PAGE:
In Goldfinger, we learn that James Bond has a preference for dining at railway station restaurants. His view of station buffets did not simply reflect Ian Fleming's own experiences.
Entering Orléans during his pursuit of Goldfinger through France in Ian Fleming’s 1959 novel, James Bond reflects that in other circumstances he would have spent a night at the Auberge de la Montespan, situated on the north bank of the Loire.
One of the oddest things that James Bond eats in Ian Fleming's novels is the half avocado with French dressing in Casino Royale. It's not so much what he eats, but when he eats it.
Café complet is the classic French breakfast. It's simple, quick and elegant, and has the distinction of being eaten both by the literary and cinematic James Bond.
It's a trivial point to consider, but is the bread that Bond has in Macon in Goldfinger a baguette?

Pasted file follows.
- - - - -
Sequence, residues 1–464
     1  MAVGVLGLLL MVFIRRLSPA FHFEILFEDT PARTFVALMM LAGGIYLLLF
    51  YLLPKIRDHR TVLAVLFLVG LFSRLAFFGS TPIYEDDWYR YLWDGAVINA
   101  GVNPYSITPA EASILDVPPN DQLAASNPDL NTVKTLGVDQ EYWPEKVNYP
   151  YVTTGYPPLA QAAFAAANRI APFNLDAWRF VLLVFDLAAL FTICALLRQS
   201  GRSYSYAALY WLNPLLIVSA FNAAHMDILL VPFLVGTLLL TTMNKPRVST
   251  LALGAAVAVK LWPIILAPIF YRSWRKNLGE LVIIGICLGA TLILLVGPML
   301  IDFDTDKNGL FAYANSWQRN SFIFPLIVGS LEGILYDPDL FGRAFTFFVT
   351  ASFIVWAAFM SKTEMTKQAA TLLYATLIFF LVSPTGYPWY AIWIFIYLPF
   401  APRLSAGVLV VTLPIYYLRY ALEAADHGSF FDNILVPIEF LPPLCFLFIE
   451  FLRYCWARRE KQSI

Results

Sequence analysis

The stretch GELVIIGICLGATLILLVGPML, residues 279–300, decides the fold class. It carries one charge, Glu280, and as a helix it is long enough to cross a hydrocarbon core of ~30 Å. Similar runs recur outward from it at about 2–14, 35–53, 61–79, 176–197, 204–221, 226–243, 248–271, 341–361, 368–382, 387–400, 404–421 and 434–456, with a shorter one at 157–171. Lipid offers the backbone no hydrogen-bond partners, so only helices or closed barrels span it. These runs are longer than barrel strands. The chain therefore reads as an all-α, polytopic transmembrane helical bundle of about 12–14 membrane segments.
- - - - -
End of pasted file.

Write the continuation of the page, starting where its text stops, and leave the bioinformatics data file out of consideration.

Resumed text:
During the summer, I went on an epic road-trip and retraced James Bond's route in pursuit of Goldfinger from Le Touquet on the north coast of France to Geneva in Switzerland, as described in Ian Fleming's 1959 novel.
During their drive through France to Switzerland in the novel of Goldfinger, both James Bond and Auric Goldfinger stop overnight at Orléans. Goldfinger stays at the Arcades, a luxury hotel overlooking the Loire, but if Goldfinger had not stayed at there, Bond supposes that it would have been the Moderne.
In the novel of Goldfinger, James Bond and Jill Masterton enjoy a trip from Miami to New York. For sustenance, they have Champagne and caviar sandwiches. In the film adaptation, dinner is again provided, but this time it's a little more balanced.
Deciding on dinner following his marathon drive through France and into Switzerland in pursuit of Goldfinger, James Bond opts for choucroute at the Bavaria brasserie.
The James Bond novels don’t just offer fine dining; there's snacking too, and doughnuts are such an example.